March 13th will be forever be ingrained in our minds, in our lives as an black community. For Breonna Taylor, March 13th marked a day to remember as Louisville police barged into her home under a no-knock warrant and fired gunshots which resulted in her unjustly murder. The value of Black life and the protection, or lack thereof, of Black women, in particularly as Black feminists and womanists call for intersectional activism through counter-movements such as #sayhername in the quest for Black freedom from murder and the need for justice.
Her killers still walk free. Unprecedented protests in Louisville and throughout the country as Taylor's story shows there is no safe space even in our own home. We aren't safe at home, walking down the street holding skittles, playing with a toy gun or even driving with our family as we get pulled over for a unjustified traffic stop. Moreover, a grand jury decision did not charge the officers in her death. Where is justice? That is a never ending question.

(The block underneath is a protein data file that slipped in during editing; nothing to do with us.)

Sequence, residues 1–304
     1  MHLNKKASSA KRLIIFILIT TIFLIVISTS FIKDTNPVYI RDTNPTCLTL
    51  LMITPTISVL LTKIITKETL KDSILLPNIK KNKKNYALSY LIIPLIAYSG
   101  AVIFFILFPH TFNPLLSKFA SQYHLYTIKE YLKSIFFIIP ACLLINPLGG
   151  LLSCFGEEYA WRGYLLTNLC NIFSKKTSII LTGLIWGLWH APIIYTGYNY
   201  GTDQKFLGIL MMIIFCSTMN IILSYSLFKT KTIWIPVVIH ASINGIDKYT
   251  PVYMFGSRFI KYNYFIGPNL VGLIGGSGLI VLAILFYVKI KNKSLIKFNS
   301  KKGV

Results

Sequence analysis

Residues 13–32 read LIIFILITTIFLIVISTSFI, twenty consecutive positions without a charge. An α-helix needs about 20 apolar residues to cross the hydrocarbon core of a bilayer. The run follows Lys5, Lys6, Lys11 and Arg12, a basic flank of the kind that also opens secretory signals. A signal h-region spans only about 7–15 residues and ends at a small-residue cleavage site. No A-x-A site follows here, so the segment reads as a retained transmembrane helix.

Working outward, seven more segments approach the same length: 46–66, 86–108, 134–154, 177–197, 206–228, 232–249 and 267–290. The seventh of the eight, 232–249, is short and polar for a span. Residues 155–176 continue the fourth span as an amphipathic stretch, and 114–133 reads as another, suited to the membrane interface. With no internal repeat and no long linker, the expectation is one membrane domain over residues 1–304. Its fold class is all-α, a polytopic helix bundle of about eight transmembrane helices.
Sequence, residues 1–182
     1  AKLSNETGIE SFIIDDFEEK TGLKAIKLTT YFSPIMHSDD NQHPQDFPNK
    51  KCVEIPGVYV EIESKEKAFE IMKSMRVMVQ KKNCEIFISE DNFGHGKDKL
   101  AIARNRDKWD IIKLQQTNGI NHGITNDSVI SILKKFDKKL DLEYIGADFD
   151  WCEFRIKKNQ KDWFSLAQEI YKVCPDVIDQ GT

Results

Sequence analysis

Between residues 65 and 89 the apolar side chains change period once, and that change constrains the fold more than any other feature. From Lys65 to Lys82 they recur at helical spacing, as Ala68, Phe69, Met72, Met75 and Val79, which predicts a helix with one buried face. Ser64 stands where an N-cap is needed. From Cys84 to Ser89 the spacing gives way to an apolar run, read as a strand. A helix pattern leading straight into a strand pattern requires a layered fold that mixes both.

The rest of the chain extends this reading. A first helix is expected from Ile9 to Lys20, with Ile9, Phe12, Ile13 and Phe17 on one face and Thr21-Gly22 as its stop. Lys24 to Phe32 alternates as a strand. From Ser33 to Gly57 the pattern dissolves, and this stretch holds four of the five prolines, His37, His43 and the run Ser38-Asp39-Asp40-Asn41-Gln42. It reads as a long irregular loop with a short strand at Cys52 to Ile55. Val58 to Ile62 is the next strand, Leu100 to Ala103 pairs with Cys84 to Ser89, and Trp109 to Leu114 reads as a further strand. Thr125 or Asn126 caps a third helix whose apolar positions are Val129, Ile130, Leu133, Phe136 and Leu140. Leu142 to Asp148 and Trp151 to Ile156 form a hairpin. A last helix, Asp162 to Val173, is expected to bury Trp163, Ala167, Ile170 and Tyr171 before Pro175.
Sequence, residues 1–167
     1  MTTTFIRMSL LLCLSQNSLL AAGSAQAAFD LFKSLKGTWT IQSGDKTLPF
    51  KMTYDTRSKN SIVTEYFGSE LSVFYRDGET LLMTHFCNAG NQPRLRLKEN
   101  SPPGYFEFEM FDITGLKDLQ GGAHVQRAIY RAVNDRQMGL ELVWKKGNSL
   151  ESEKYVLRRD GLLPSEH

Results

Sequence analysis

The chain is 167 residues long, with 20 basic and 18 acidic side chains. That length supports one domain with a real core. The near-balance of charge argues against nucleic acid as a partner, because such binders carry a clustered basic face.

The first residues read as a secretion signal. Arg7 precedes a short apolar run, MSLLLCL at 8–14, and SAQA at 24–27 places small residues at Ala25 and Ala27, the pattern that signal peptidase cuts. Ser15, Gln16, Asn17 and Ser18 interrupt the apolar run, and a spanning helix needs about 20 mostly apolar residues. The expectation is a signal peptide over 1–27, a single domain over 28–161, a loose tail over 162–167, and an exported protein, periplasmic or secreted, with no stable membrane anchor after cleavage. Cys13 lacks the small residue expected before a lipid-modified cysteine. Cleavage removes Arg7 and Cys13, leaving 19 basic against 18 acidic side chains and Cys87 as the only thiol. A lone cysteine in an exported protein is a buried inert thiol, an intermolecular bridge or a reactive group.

The Union Presbyterian Seminary hosted the Breonna Taylor and the American Domestic Terror Webinar series on Oct. 14th. Hosted by Rev. Melanie C. Jones, her and the panel of activists and speakers spoke about the consequences of the negligence that American Domestic Terror in the police system has on Black lives, now claiming the life of Breonna Taylor.
We are now in unprecedented times where once again, our lives don't matter. One would think once we got passed civil rights and segregation, we wouldn't be going back to square one. Yet, here we are. Breonna Taylor's life didn't matter and now everyday we have to look over our shoulders because it makes one think, when would it be our turn? Our father's turn? Our sons, daughters, sisters, brothers.
This justice system isn't for us, it's clear and the terror America inflicts on us is real.